A Cold and Lonely Place
Haverholme is a hamlet and site of Haverholme Priory in the North Kesteven district of Lincolnshire, England. It is situated about 4 miles north-east from the town of Sleaford, and in the civil parish of Ewerby and Evedon. Haverholme was a civil parish between 1858 and 1931.
Today there is very little left of the hamlet other than a few houses and the ruins of the former home of the Finch-Hattons. The priory buildings are no longer and the land was dissolved by Henry 8th. It is rumoured that in 1164 Thomas Becket hid at Haverholme during one of his arguments with the King.
George Finch-Hatton, 10th Earl of Winchelsea and 5th Earl of Nottingham remodeled an existing building during 1830 in a Tudor style. It was used as a family home by the Finch-Hatton family for almost a century but by the early 1920s it was up for sale as the family was no longer in residence. Denys Finch Hatton spent some time in Africa and a ‘pet’ lion was allowed to roam around the substantial property. Some of you may recall a 1985 American romantic drama film directed and produced by Sydney Pollack called Out of Africa which starred Meryl Streep and Robert Retford. The story was loosely based on the life of Denys Finch Hatton.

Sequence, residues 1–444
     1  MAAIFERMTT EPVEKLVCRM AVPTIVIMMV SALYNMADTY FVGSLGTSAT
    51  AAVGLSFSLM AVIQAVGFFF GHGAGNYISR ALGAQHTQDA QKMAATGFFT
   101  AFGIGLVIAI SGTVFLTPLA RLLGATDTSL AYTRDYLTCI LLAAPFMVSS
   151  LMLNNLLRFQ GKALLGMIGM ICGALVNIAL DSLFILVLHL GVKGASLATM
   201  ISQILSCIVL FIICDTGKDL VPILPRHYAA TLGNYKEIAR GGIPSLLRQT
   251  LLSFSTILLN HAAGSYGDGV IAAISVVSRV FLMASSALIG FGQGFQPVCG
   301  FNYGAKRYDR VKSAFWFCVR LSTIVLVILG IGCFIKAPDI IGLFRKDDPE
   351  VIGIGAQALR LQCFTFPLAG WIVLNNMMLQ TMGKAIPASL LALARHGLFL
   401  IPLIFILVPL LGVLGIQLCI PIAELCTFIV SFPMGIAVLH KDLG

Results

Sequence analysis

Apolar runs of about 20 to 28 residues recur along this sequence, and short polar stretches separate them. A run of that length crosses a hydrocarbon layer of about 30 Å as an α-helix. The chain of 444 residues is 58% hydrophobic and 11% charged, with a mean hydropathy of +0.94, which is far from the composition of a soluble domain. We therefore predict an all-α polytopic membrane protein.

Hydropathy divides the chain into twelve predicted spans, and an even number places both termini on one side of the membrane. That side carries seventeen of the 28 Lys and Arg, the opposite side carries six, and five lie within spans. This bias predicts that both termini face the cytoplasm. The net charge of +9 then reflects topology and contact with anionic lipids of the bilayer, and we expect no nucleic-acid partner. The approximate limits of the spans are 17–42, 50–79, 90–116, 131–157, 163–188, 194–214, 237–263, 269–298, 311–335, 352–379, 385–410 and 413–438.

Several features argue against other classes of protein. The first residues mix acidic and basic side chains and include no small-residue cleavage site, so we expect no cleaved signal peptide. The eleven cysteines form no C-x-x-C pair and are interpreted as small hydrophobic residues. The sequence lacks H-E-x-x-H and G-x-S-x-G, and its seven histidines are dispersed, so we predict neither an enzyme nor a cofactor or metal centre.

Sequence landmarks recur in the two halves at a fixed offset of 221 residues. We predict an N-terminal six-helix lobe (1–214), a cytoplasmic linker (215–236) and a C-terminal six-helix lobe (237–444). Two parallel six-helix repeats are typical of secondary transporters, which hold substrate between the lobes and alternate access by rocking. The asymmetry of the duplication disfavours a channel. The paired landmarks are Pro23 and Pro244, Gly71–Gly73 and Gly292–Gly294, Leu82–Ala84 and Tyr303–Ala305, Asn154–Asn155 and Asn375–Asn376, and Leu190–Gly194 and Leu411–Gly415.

The ruins are on private land, now a Grade II listed building and designated Ancient Monument, although they are in such a bad state I would not recommend going close too them.
The river Slea runs through the land with a footpath along the side. The river was made navigable from the Witham up to Sleaford in 1794, although these navigations were closed in 1878, having been made uneconomic by the arrival of the railway in 1857. There is now an active Sleaford Navigation Trust that aims to reopen to navigations again as far as Sleaford.